Mr. Outram, in 1799, when the Charnwood Canal was purposely cut and all the water let out, surveyed the turnpike road from Ashby-de-la-Zouch to Leicester, with a view to laying down an Outram-way.

He also surveyed and did lay down the Outram-way from Butterley and Ripley to the Derby Canal at Little Eaton.

“Outram-ways” were afterwards laid down from Mansfield to Pinxton; from Cheltenham to Gloucester; from Kilmarnock to Troon Harbor.

Mr. Outram laid down the Penydarran Outram-way in South Wales, and by the year 1811 there were about 300 miles of his system in use. He also provided the plates for the Outram-way which still runs the full length of the Kingstown breakwater.

Yet in spite of all these facts, there are people who never heard of Benjamin Outram, and ask, who was he? What did he do?

I do not know of any portrait of Mr. B. Outram. I have a good one of his brother, who was Archdeacon of Derby, but have never seen one of Benjamin or his father.

[p.255] * A description of one of the earliest railways constructed, written by Mr. Edmund H. Outram, for the Locomotive Firemen’s Magazine. This road was in use long before the advent of the locomotive, and yet parts of same are in use today.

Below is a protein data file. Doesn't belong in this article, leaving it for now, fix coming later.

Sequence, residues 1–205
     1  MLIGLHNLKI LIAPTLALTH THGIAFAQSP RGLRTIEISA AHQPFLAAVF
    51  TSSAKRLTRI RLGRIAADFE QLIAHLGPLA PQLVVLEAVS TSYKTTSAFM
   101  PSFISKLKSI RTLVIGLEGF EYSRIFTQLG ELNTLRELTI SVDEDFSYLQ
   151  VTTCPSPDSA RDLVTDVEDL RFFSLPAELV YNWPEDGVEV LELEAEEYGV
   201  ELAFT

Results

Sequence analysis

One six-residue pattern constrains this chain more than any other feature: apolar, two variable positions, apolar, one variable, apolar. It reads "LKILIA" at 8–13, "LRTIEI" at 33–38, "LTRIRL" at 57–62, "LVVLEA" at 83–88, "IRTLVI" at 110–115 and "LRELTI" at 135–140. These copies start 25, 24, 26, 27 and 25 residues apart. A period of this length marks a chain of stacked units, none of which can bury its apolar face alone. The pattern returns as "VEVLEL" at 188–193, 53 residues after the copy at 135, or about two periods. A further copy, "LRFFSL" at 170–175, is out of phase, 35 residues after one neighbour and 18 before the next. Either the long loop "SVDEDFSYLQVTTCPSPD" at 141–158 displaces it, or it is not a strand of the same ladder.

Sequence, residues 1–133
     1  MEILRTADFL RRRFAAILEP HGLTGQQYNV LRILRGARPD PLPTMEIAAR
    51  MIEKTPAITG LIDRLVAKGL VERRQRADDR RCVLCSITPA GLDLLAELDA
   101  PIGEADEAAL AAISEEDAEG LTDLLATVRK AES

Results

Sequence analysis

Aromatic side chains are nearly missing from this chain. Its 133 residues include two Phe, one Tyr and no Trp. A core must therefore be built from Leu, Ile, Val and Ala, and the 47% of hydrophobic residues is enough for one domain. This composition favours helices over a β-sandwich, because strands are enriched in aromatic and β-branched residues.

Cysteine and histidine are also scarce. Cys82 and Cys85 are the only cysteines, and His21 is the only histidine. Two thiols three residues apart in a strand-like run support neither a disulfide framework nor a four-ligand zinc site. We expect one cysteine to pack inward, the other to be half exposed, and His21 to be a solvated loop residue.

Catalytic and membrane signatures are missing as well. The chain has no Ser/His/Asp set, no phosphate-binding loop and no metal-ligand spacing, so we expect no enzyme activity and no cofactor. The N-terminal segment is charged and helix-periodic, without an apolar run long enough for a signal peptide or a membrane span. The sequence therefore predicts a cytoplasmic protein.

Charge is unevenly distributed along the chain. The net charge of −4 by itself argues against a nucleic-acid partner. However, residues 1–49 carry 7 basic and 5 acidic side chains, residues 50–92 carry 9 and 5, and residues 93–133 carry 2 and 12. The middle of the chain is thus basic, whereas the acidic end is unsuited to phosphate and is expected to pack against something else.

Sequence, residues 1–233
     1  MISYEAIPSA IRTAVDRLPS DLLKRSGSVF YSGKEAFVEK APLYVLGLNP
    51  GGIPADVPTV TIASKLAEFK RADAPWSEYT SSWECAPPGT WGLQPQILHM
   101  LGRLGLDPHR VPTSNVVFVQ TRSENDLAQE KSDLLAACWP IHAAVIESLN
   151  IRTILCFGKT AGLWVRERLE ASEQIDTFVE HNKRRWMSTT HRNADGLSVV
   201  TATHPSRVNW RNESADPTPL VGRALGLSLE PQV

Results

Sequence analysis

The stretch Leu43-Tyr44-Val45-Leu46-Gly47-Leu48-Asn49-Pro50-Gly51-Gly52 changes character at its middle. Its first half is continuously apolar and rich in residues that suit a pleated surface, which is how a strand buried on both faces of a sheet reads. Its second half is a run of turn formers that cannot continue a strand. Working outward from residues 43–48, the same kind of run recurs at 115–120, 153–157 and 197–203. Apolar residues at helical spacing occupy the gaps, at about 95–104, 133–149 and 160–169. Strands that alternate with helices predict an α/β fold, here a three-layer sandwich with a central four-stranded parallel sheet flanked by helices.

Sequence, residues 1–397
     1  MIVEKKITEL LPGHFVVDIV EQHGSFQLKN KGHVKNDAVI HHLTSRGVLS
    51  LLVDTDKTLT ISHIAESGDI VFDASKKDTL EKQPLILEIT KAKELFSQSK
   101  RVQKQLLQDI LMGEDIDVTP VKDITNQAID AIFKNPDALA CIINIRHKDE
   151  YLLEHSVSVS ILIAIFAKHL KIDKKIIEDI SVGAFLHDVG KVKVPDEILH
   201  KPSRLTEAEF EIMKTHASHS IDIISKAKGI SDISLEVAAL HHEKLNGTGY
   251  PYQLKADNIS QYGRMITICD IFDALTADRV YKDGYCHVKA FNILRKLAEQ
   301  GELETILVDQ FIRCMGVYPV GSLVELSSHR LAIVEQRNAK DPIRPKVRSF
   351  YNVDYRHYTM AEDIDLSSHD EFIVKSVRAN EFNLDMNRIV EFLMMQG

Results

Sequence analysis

A clearer copy of the photo in the article is used for the image, with its source as shown above. Text from Brotherhood of Locomotive Fireman, Locomotive Firemen's Magazine (1901), 30, 155-257. (source)


See also:
  • 1 Apr - short biography, births, deaths and events on date of Outram's birth.
  • Benjamin Outram, 1764-1805: An Engineering Biography, by Reginald B. Schofield. - book suggestion.

Nature bears long with those who wrong her. She is patient under abuse. But when abuse has gone too far, when the time of reckoning finally comes, she is equally slow to be appeased and to turn away her wrath. (1882) -- Nathaniel Egleston, who was writing then about deforestation, but speaks equally well about the danger of climate change today.